Thanks to federal laws, financial institutions are leery of working with marijuana companies. Lawmakers have introduced a bill that could ease the minds of banks and credit unions looking to work with the cannabis industry, but some advocates say that solving the problem will only make it easier to put off legalization.
Cannabis Banking Problems
Marijuana is big business, raking in billions of dollars every year in the U.S. But since the dawn of medical cannabis, pot businesses have been struggling with what to do with all that cash. Federal law prohibits financial institutions from knowingly doing business with criminal operations. Since cannabis is still federally illegal, that technically includes marijuana companies, whether the drug is legal in their jurisdiction or not.
Federal guidance to prosecutors from the Department of Justice has been to keep their hands off of legally operating cannabis businesses, and there are a few banks and credit unions that have decided to offer up their services to the industry with the understanding that these instructions will protect them from prosecution. However, the policy has yet to be codified and can evaporate at any time.
The Secure and Fair Enforcement (SAFE) Banking Act, introduced by U.S. Rep. Ed Perlmutter (D-CO), aims to fix the problem by allowing financial institutions to work with cannabis businesses without fearing federal reprisal. This would allow cannabis companies to use point-of-sale services to accept credit card payments—cutting down on safety problems created by being cash-only enterprises—and would allow them to make deposits in federally-protected banks.
If passed the bill would solve a number of problems for cannabis businesses overnight. They would no longer need to transport large amounts of cash and endanger employees, and they would be able to give out paychecks instead of paying their workers in cash. Bank would also greatly benefit from the deal, since—as we said above—marijuana is big business.
Language from the bill has been included in an amendment to the National Defense Authorization Act (NDAA) that recently cleared the House.
Pushback on SAFE Banking
But not everyone is behind the proposed bill. In July Sen. Cory Booker (D-NJ) said he would do anything in his power to stop the SAFE Banking Act. “I will lay myself down to do everything I can to stop an easy banking bill that’s going to allow all these corporations to make a lot more money off of this instead of focusing on restorative justice aspects,” he said.
This may come as a surprise to some since Booker is a well-known passionate cannabis advocate who is a co-sponsor of the Cannabis Administration and Opportunity (CAO) Act—which would deschedule cannabis at the federal level, give states control over their own marijuana policies, expunge the records of cannabis prisoners and exercise a number of other major reforms. But Booker says he believes that giving banks the freedom to capitalize off of the cannabis industry without implementing broader reforms would make those reforms seem less imperative.
During an interview on the Psychoactive podcast, Senate Majority Leader Chuck Schumer (D-NY)—author of the CAO—said that he and his colleagues have agreed to not take up the SAFE Banking Act or any other cannabis banking legislation unless the CAO advances. “If we let this bill out, it will make it much harder and take longer to pass comprehensive reform,” said Schumer. “We certainly want the provisions similar to the SAFE Banking Act in our bill. But to get more moderate people—to get some Republicans, to get the financial services industry behind a comprehensive bill—is the way to go. It’s the right thing to do.”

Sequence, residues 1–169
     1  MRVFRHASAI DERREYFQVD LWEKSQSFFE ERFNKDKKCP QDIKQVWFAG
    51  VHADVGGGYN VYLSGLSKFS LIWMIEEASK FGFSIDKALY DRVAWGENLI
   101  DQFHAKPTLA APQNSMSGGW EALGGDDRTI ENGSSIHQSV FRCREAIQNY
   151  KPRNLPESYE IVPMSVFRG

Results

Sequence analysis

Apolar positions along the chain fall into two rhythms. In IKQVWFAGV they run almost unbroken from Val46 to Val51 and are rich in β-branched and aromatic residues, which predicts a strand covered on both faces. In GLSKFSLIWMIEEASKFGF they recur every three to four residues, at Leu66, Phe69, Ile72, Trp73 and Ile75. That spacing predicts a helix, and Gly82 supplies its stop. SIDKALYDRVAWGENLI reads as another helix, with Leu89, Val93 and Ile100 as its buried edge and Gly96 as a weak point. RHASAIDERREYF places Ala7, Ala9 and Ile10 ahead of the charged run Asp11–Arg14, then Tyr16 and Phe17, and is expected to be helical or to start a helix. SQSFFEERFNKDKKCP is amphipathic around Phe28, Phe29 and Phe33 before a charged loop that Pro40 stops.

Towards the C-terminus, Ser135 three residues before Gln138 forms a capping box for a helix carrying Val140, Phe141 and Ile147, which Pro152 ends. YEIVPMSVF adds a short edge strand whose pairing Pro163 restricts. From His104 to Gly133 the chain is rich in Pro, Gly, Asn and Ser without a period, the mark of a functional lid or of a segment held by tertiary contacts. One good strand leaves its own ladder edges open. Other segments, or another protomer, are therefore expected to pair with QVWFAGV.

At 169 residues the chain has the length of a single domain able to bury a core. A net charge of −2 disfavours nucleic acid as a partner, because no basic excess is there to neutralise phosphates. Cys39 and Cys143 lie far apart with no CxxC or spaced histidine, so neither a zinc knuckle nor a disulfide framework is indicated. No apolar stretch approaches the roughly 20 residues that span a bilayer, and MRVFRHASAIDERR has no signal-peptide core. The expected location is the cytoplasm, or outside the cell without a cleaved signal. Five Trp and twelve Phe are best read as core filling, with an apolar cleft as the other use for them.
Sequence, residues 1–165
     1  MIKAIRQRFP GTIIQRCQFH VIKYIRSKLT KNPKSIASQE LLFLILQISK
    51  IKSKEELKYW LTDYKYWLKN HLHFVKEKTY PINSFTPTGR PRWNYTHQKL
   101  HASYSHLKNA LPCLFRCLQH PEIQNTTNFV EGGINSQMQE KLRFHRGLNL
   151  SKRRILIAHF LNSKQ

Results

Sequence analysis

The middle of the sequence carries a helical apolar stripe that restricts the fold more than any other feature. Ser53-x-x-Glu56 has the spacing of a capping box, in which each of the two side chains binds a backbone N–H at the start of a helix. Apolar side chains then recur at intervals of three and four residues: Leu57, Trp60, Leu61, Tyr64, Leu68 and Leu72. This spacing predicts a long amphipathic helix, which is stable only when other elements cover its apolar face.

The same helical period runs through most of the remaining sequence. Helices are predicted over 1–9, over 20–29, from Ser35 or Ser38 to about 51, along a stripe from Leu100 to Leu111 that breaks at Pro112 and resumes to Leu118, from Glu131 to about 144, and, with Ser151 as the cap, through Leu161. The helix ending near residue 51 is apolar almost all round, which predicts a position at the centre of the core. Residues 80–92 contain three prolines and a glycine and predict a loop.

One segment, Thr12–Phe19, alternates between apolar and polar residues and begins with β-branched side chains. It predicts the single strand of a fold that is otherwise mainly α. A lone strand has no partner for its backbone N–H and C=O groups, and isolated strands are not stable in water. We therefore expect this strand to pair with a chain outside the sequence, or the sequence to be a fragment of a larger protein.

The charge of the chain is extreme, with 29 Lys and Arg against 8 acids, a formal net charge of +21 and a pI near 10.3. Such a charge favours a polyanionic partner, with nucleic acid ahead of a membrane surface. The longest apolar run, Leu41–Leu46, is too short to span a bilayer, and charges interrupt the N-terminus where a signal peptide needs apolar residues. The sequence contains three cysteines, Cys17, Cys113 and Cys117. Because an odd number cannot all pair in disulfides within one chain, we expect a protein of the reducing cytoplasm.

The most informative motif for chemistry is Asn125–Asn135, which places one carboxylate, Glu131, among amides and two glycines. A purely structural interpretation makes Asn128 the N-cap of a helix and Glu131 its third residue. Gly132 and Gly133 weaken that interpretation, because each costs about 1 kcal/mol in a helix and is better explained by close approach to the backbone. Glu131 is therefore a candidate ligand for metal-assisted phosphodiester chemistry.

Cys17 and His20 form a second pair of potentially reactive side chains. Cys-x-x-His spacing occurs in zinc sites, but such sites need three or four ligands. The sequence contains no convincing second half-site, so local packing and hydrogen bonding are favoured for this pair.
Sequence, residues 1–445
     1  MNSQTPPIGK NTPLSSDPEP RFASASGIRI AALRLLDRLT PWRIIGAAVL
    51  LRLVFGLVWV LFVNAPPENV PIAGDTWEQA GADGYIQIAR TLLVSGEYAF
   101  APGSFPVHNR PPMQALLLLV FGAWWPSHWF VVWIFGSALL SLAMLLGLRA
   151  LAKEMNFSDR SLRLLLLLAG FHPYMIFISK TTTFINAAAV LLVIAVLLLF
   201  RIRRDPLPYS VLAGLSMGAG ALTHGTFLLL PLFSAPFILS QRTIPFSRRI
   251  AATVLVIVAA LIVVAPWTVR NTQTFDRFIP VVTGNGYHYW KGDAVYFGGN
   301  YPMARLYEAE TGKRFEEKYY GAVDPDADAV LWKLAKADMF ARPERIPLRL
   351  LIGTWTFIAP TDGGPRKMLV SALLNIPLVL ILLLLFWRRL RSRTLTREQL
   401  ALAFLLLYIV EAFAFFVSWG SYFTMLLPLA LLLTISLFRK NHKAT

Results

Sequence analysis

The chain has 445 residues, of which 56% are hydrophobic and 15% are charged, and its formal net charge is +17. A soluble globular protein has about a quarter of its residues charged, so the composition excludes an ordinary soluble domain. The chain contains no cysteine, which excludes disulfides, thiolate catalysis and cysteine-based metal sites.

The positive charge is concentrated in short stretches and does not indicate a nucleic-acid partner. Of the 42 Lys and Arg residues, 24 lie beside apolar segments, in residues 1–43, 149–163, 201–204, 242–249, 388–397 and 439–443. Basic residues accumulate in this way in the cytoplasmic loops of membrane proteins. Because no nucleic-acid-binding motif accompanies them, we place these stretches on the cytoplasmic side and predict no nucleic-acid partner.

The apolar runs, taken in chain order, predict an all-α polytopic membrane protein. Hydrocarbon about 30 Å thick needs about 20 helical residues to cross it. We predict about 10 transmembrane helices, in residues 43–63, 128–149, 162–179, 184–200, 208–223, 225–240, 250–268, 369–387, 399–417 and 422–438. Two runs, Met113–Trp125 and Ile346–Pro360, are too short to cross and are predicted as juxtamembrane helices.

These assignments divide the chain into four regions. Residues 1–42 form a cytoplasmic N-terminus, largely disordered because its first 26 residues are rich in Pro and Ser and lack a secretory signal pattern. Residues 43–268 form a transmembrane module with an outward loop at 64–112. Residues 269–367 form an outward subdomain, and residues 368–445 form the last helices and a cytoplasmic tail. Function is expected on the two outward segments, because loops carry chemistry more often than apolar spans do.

Pushback on Pushback
A group of Black small-business owners have said that Booker’s assessment is flawed when he points to large corporations as the only groups who would benefit from the passage of the SAFE Banking Act.
During an event titled “UNSAFE Banking & Cannabis: The Real-Life Impact on Public Safety and Social Equity,” hosted last month by lobbying group U.S. Cannabis Council (USCC), a number of Black cannabis entrepreneurs expressed concerns that the banking bill would not pass. They were all small business owners—not CEOs of major corporations—and they said the industry needs financial protections immediately.
“It has posed a great barrier to entry for minority entrepreneurs, who are faced with the inability to access basic financial services and the opportunity to grow their businesses that would come through basic bank loans,” said USCC CEO Steven Hawkins. “As a result of not having financial services available, we are creating a redlining effect, where larger companies—because they have the capacity to access, more generally, financial services at a higher cost but able to get some capital—are able to flourish.”
Perlmutter told reporters that the banking problem is too pressing to be used as a negotiation tool. “Bottom line: The SAFE Banking Act is the best opportunity to enact some type of federal cannabis reform this term. By including the SAFE Banking Act in the final NDAA, we can safeguard our financial system, reduce the public safety risk in our communities and help support veteran and minority-owned businesses now.”
Last week the governors of 21 states, including Gov. Michelle Lujan Grisham, signed a letter to members of Congress asking that cannabis banking protections be included in the Senate’s version of the NDAA. The mayor of Washington, D.C. and the governors of Guam and the U.S. Virgin Islands also signed the letter.
Schumer has said that he’d be open to advancing banking reforms if social equity provisions like cannabis conviction expungement is included in the NDAA. “If people in the Senate can add some things on, that would make it more of a palliative,” he said during his podcast interview.